Did Made in Chelsea deserve that BAFTA?

So Made In Chelsea won a BAFTA. Seriously. This is not a joke. This is a fact. One that suggests we all need to sit down and have a long think about the meaning of life. And the future of humanity. Which, given the aforementioned fact, is probably bleak. 

Responses have, predictably, ranged from outrage to…well more outrage. Graham Norton responded snappily ‘They were insufferable before– what are they going to be like now?’ and Alan Sugar tweeted in a fit of jealous pique ‘Young Apprentice did not win a BAFTA tonight. Made in Chelsea won. Can’t believe it.’ Twitter pretty much exploded. 

And outrage is certainly a natural response. Because this is a show which essentially just follows rich people around and watches as they…well…are rich. The characters are fairly vacuous (Millie? Cheska?) when they’re not downright despicable (yes Spencer, we’re looking at you). The dialogue is beyond stilted; apparently being rich negates your ability to speak in actual sentences without using the word ‘like’ every third word. And let’s not even get started on the way they portray their female characters: the whore-virgin dichotomy is so overused it’s actually wearing thin. Everyone took great delight in tearing down whiter-than-white Kimberley, Louise is constantly lambasted just for being in love and crying a bit, and Lucy is presented as a witch just because she doesn’t fall at Jamie’s feet. This is not great TV. On this, I think we can probably all agree. 

But. It is sinfully addictive. Trust me, I know. I’m hooked. And what’s more, its plot may be drivel and its characters grating, but by heavens it’s got good production values. The camera work is excellent. Honest to God, all those serious TV dramas could learn a thing or two. And we have to give them kudos for making the most of shooting in London – true, nobody actually breaks up by a river, but it did mean we could watch the Thames instead of Spencer’s face, which is a blessing indeed. What’s more, the music on this show is amazing. Seriously, what other show on TV will play Alt-J, Daughter, Foals and Bastille in one episode?  And you can’t pretend it’s not popular: 950 000 people tuned into the premiere of Season 5, and it’s Channel 4’s most tweeted about programme (lest we forget, these people know how to work the social media!).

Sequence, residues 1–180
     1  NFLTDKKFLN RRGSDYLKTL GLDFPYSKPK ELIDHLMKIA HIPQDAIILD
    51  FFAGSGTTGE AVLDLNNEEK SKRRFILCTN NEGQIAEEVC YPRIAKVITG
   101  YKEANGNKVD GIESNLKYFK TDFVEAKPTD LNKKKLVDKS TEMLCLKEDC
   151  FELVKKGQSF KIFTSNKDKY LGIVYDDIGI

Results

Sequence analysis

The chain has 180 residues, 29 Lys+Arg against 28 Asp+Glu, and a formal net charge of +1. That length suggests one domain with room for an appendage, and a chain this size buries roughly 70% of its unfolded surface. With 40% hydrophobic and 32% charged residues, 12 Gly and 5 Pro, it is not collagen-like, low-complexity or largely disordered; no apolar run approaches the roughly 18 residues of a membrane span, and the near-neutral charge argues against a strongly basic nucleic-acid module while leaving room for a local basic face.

So what we have here is a show about not really very much, but that looks really good. It’s the ultimate victory of style over substance, which in all honesty, sums up the show and its characters pretty well. The question needn’t be why people prefer slick production over substantial plot, it can be why anybody hasn’t yet managed to combine the two. Because MIC’s competition, in the highly contested category of Best Reality and Constructed Factual was The Audience, I’m a Celebrity…Get Me Out of Here! and The Young Apprentice. Go figure.